(Austin, TX) Groundbreaking Study Reveals 93% of Veterans Charged With Crimes Do No Re-Offend If Given Adequate Mental Health Treatment
Austin, TX – Of the 1.7 million veterans who served in Iraq and Afghanistan, 300,000 (20 percent) suffer from post-traumatic stress disorder or major depression (RAND Center for Military Health Policy Research, Invisible Wounds of War, 2008). Austin Texas based Mainstream Mental Health teamed up with Hays County VTC and researchers from Texas State University (San Marcos, TX) and have completed a study of how mental health treatments (through Veterans Treatment Court) can affect US Soldiers who’ve been in trouble with the law.
• Out of 31 veterans interviewed, the majority of them were diagnosed with PTSD (46.2%) and a substance use disorder (41%). Regarding offenses that the veterans were charged with, the majority were charged with DWI (62.9%), then assault (11.4%), and a tie between theft (5.7%) and vehicular crime (5.7%).
• As for medication, 6 out of 31 were on medication for their respective diagnosis. When asked about program participation, most veterans participated in individual therapy (46.7%) and group therapy (45%). For instance, these therapy programs included women’s group therapy and alcohol awareness group therapy.
• After making calls to those who graduated from the VTC program, we found that 92.9% did not re-offend. In other words less than 10% were rearrested and brought before the courts after participating on the VTC.
To give this some perspective the 2005 data on crime statistics shows that up to 68% of general criminals were rearrested within 3 years of their original offense and 77% within 5 years. This is was very telling of the effectiveness of the program in reducing recidivism rates and shows that the VTC is a quality alternative to the traditional court system. After conducting a content analysis, the following themes emerged: being a part of a team kept veterans optimistic and motivated, veterans felt that they were treated fairly by the judge, and the VTC program helped provide them with the necessary tools to live a law-abiding and productive lifestyle.
“When looking at the veterans’ responses, we concluded that the veterans valued the importance of the support system between the court staff and the veteran community. We found that the veterans felt respected by the court staff and appreciated their commitment. We concluded that the commonalities of serving in the military and being a part of the VTC forms a bond between veterans and motivates them to promote each other’s success.” Said Dr. John Huber of Mainstream Mental Health.
We acknowledge that the Hays County Veterans Treatment Court is a young program. We would like to see it progress in hopes of helping more veterans and to begin a mental health court locally. As of now, we have laid the foundation to get started and we plan on continuing our research until we can attain our end goal. Our findings suggest that participation in the VTC program produces convincing results regarding recidivism rates, improvements in recovery, and positive feedback about the veteran support system. We hope that our research serves as a stepping stone to an increase in the number of Veterans Treatment Courts and specialty treatment courts across the nation.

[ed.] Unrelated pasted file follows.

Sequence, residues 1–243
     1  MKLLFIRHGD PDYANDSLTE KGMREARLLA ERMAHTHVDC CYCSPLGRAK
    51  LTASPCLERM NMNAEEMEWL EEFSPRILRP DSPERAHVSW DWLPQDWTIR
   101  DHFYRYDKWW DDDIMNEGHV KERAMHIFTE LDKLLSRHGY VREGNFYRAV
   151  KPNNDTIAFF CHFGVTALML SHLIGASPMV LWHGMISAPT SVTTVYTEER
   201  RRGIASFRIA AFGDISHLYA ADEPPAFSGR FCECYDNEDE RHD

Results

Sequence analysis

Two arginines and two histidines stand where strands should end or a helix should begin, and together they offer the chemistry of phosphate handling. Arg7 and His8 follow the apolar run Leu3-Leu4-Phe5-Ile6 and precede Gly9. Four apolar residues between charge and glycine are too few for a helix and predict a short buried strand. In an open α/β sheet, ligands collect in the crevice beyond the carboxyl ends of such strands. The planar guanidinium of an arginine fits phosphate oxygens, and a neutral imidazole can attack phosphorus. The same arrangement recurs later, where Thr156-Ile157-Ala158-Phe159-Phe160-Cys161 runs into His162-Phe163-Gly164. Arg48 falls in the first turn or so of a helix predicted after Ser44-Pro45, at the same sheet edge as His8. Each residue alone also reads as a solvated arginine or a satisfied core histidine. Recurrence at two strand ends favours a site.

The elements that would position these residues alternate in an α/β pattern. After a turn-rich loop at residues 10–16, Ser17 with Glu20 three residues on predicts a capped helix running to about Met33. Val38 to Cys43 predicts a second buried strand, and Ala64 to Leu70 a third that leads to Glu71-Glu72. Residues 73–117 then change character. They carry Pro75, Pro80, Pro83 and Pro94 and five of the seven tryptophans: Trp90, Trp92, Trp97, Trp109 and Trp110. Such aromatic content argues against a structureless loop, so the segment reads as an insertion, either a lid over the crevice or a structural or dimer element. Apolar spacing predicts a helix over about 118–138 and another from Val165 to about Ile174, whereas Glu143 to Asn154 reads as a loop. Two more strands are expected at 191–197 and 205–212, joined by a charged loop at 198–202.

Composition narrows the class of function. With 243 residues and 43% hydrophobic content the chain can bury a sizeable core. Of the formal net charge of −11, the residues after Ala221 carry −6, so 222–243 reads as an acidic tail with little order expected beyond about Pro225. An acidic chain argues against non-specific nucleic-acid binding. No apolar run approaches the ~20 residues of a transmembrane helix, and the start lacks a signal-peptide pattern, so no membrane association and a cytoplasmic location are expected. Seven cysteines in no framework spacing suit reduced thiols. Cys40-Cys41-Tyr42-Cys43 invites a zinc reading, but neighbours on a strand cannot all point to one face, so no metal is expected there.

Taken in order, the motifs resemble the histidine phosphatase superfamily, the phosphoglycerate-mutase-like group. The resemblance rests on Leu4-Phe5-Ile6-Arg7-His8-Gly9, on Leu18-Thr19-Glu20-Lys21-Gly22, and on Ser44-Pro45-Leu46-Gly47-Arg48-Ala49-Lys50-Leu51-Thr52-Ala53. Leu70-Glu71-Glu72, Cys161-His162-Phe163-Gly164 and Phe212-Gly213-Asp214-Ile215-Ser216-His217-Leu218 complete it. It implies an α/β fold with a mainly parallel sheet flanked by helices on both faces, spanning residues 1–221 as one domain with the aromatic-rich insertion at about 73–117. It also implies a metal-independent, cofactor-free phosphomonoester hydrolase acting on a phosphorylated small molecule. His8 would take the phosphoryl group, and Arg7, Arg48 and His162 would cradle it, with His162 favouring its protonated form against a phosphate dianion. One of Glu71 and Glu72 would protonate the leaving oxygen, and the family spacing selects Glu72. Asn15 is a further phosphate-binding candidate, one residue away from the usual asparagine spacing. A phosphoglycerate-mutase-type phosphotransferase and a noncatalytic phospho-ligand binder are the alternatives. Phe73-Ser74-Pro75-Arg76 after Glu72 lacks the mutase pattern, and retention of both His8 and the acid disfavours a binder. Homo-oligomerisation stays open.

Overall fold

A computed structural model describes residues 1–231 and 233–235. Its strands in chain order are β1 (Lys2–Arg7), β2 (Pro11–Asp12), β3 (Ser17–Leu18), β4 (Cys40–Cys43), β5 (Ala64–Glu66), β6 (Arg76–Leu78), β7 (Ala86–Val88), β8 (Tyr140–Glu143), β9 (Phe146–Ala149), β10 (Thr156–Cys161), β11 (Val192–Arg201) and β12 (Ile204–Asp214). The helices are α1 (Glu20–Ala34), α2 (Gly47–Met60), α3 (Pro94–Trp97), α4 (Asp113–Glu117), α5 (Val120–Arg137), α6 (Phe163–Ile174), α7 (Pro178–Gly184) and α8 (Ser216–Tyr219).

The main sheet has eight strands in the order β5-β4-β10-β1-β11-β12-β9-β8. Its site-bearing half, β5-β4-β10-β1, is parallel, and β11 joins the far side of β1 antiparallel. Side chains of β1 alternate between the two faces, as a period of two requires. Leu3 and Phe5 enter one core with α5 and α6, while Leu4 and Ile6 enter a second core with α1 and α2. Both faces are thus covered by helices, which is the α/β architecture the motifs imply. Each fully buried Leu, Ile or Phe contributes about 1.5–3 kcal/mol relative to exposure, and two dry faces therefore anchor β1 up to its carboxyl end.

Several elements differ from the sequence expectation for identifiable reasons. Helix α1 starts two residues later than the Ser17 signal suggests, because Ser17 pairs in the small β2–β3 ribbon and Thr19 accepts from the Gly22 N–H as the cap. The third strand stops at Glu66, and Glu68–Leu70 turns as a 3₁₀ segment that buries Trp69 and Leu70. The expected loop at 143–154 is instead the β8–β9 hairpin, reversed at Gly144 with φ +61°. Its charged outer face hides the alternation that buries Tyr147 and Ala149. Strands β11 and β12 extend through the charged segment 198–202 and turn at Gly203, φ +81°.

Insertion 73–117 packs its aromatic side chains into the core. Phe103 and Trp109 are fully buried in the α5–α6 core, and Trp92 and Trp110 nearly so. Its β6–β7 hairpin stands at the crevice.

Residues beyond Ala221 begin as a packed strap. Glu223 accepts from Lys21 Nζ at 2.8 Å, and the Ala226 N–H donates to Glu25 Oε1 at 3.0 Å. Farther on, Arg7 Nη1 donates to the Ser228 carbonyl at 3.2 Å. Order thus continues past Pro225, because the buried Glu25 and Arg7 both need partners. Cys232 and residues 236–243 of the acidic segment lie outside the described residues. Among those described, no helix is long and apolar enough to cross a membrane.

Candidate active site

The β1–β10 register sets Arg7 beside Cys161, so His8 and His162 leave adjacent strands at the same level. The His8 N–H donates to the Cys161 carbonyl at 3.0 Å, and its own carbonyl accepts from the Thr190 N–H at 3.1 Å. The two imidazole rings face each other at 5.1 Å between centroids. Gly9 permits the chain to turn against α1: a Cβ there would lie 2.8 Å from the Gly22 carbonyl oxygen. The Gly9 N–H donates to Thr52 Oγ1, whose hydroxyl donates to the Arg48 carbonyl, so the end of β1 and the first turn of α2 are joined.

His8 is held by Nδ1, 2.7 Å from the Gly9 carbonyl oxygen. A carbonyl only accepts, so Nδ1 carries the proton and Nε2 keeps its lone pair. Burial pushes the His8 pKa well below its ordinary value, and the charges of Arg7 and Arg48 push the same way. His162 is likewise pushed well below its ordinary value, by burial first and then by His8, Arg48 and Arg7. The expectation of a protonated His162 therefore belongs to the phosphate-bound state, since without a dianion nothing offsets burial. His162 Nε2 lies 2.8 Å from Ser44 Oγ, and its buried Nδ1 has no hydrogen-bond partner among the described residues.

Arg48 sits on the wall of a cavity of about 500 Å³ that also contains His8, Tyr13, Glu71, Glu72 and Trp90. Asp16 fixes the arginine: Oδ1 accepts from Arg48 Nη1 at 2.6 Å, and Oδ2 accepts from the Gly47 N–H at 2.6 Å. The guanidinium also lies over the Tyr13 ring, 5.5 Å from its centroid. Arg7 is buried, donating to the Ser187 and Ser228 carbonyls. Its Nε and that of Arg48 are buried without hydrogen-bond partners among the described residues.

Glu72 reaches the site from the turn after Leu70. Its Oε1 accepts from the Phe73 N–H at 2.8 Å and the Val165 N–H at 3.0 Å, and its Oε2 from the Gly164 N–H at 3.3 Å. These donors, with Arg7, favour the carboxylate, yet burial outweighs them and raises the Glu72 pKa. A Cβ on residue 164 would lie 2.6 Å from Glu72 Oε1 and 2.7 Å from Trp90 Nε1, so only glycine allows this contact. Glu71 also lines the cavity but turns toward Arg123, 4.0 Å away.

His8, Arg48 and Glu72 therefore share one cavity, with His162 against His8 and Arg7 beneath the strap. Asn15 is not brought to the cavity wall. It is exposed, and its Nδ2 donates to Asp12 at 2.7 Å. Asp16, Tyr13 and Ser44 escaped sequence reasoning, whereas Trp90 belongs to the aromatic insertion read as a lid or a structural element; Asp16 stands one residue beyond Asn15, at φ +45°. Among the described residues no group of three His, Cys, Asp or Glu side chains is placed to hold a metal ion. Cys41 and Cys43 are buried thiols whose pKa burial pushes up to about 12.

Researchers for this study included: Dr. John Huber, Ruby Oliva, Dalton Klare, Adrianna Ghunaim, O’dalis Covarrubias, Briauna Wilson, Skyler Guzman, Judge David Glickler
The VTC Mission and Procedure
The VTC’s mission is to provide resources to rehabilitate veterans who have committed criminal offenses by diverting them from the traditional criminal system and providing them with the tools they need to lead a productive and law-abiding lifestyle. These tools include individual treatment, rehabilitative programming, positive reinforcement, and judicial monitoring.
About Dr. John Huber
Texas Based – Dr. John Huber (www.mainstreammentalhealth.org) is the Chairman for Mainstream Mental Health, a non-profit organization that brings lasting and positive change to the lives of individuals that suffer from mental health issues. A mental health professional for over twenty years, Dr. Huber is a Clinical Forensic Psychologist, and he is a practitioner with privileges at two long term acute care hospitals. In addition, Dr. John Huber is a professor and teaches undergraduate and graduate psychology at Texas State University.
What is Mainstream Mental Health?
As a non-profit organization, Mainstream Mental Health’s goal is to foster a commitment to young people and veterans that will promote a pro-social attitude towards mental health resources, thus creating a pathway for mental health services, while providing a sense of hope for the future.